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Insana: The Fed's Approach to Rate Policy Is More Straightforward Than You Think

Elizabeth Frantz | Reuters

It seems the Federal Reserve's decision on interest rates, delivered Wednesday, and the subsequent press conference held by Chairman Jerome Powell, was something of a Rorschach test for viewers.

In reality, the ink blots that observers claimed to see were not quite as subjective as many suggested. Rather, most of what was in the Fed's statement, or discussed by the nation's top central banker, was written in black and white.

The statement's first line acknowledged that spending and production were slowing. It further noted that the Fed was likely to keep raising rates to tame inflation.

The central bank also pointed out that it could change policy if emergent risks affected the ability of the Fed to achieve its goals.

Immediately, Fed watchers observed that the central bank is now "data dependent." Here's a hint: The Fed is always data dependent – and so is everyone else with access to information. Nothing to see here, except the data.

A blunt instrument

Speaking with reporters, Powell acknowledged that the short-term rate controlled by the Fed is roughly at neutral and that the central bank is closer to the end of its rate-hiking cycle, hence the rally in risk assets.

Investors know that the Fed appears to want to lift short-term rates to between 3% to 3.5%. We are more than halfway there since rates started at zero.

Also, immediately, there was talk of a Fed "pivot," implying that the central bank plans to lower interest rates if tight credit conditions or other factors tip the economy into a meaningful recession.

Powell indicated nothing of the sort.

It's true that interest rate cycles are a never-ending series of hikes and declines with the central bank frequently going too far one way or another. The Fed is using a very blunt instrument to try reining in some factors that are out of its control, hence the frequent overshoots.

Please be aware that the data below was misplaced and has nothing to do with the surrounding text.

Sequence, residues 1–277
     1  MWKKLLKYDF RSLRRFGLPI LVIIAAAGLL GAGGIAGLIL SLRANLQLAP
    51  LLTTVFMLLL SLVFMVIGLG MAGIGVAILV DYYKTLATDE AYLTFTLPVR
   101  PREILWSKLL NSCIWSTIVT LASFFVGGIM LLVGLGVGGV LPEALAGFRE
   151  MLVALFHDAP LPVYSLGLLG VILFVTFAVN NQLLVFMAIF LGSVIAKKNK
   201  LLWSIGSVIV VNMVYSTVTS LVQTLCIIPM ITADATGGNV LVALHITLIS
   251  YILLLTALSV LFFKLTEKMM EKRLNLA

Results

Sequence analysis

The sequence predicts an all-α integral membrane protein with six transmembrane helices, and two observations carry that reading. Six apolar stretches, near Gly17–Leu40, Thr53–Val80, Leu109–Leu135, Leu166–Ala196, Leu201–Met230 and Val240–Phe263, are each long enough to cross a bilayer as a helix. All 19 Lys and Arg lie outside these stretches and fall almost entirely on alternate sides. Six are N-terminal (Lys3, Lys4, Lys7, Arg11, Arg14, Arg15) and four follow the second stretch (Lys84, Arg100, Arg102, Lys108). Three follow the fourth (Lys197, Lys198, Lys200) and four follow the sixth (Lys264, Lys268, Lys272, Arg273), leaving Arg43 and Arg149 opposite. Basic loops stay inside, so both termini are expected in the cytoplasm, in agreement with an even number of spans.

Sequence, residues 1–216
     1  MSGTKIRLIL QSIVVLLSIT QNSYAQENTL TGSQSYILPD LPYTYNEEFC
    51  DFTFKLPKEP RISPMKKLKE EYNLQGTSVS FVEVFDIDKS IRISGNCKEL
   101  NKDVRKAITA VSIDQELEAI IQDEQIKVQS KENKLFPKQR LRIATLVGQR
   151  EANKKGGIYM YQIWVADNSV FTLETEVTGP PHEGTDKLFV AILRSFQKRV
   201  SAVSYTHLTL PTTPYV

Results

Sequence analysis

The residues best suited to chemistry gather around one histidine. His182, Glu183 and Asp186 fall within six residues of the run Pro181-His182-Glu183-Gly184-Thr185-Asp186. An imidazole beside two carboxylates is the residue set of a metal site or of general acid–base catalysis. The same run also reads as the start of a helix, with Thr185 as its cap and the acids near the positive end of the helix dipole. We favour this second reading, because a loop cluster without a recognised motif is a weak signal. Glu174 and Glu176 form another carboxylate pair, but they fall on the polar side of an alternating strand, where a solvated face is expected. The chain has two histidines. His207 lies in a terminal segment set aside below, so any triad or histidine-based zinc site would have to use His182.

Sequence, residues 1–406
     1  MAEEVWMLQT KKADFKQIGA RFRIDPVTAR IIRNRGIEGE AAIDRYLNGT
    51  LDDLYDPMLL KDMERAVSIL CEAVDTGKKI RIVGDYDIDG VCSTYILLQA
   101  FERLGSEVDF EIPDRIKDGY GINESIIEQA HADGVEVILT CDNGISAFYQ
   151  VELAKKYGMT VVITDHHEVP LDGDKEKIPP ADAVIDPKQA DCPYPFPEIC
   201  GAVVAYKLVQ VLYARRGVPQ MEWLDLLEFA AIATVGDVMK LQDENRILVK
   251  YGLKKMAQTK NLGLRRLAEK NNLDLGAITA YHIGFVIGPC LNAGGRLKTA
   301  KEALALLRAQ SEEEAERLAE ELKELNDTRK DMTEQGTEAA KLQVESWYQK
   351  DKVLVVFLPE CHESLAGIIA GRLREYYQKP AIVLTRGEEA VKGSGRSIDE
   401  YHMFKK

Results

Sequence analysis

This may well be among the most complicated economic environments the Fed has faced. True, there have been bubbles, market crashes and financial crises over the last several decades. However, each of these events had recognizable risks that could be quantified to an extent.

Risk factors outside of the Fed's control

In the Fed's written statement, it recognized, as did Powell verbally, Russia's war against Ukraine and related events are wreaking havoc on the global economy. That's leading to supply disruption for a variety of goods, ranging from computer chips to cars and from crude oil to corn oil.

These supply disruptions put upward pressure on prices. The Fed cannot control that type of inflation, except to dampen demand to meet constrained supply. It's hardly an optimal policy choice, but it's the only option the central bank has.

All that said, the message from the Fed, at least to me, seemed straightforward: It's almost done raising rates.

Talk of a pivot is premature, while talk of raising rates to 5% is sheer lunacy. Both paths have been openly discussed by economists and pundits.

Watching the Fed is not brain surgery, nor is it a psychological evaluation.

The markets, long attuned to understanding Fed speak, have responded appropriately to Wednesday's decision on interest rates: The end of the tightening cycle is upon us, so it is safer to buy stocks and bonds.

A new secular bull market will begin not just when the Fed stops raising rates – but when it begins cutting them.

That's not an ink-blot test. That's history.

— Ron Insana is a CNBC contributor and a senior advisor at Schroders.

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